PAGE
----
[ dih-vur-zhuh n, -shuh n, dahy- ]
/ dɪˈvɜr ʒən, -ʃən, daɪ- /


the act of diverting or turning aside, as from a course or purpose: a diversion of industry into the war effort.
a channel made to divert the flow of water from one course to another or to direct the flow of water draining from a piece of ground.
British. a detour on a highway or road.
distraction from business, care, etc.; recreation; amusement; a pastime: Movies are his favorite diversion.
Military. a feint intended to draw off attention from the point of main attack.

Nearby words

  1. diversification,
  2. diversified,
  3. diversified farming,
  4. diversiform,
  5. diversify,
  6. diversional,
  7. diversionary,
  8. diversionist,
  9. diversity,
  10. divert

Origin of diversion

1590–1600; < Medieval Latin dīversiōn- (stem of dīversiō), equivalent to Latin dīvers(us) diverse + -iōn- -ion

Related formspre·di·ver·sion, noun

Dictionary.com Unabridged Based on the Random House Unabridged Dictionary, © Random House, Inc. 2019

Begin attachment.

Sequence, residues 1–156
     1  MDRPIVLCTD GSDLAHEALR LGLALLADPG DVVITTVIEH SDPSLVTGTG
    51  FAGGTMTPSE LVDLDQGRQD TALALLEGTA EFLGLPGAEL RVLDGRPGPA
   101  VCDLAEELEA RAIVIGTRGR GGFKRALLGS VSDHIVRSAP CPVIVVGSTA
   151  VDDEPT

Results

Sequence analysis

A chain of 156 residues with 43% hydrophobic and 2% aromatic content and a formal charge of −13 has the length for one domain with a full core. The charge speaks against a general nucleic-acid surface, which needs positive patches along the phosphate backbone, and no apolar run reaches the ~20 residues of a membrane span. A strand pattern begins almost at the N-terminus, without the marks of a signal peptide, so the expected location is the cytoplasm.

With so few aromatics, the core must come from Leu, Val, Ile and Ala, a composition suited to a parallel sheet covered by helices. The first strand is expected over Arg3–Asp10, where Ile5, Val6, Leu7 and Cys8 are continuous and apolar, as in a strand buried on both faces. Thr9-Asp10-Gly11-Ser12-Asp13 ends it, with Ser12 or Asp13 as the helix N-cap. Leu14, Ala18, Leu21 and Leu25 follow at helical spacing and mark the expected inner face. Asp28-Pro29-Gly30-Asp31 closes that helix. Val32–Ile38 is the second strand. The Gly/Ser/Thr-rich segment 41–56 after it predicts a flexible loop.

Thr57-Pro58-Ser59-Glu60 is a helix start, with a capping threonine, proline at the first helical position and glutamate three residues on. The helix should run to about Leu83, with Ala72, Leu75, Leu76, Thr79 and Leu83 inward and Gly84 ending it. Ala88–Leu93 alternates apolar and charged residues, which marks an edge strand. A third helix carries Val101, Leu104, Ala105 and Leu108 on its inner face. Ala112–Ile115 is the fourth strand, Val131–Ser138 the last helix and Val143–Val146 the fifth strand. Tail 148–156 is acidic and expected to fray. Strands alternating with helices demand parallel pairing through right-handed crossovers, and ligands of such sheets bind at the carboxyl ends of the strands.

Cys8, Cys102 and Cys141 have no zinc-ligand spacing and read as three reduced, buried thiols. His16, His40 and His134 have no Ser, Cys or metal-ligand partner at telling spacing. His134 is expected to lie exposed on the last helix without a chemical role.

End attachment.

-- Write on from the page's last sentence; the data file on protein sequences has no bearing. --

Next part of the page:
Examples from the Web for diversion

British Dictionary definitions for diversion


/ (daɪˈvɜːʃən) /


the act of diverting from a specified course
mainly British an official detour used by traffic when a main route is closed
something that distracts from business, etc; amusement
military a feint attack designed to draw an enemy away from the main attack
Derived Formsdiversional or diversionary, adjective

Collins English Dictionary - Complete & Unabridged 2012 Digital Edition © William Collins Sons & Co. Ltd. 1979, 1986 © HarperCollins Publishers 1998, 2000, 2003, 2005, 2006, 2007, 2009, 2012

Word Origin and History for diversion



early 15c., "diverse condition;" c.1600 "act of diverting," from Middle French diversion, from Late Latin diversionem (nominative diversio), noun of action from past participle stem of Latin divertere (see divert).

Sense of "amusement, entertainment" is first recorded 1640s. Hence, divertimento (1823), from the Italian form; originally "a musical composition designed primarily for entertainment."

Online Etymology Dictionary, © 2010 Douglas Harper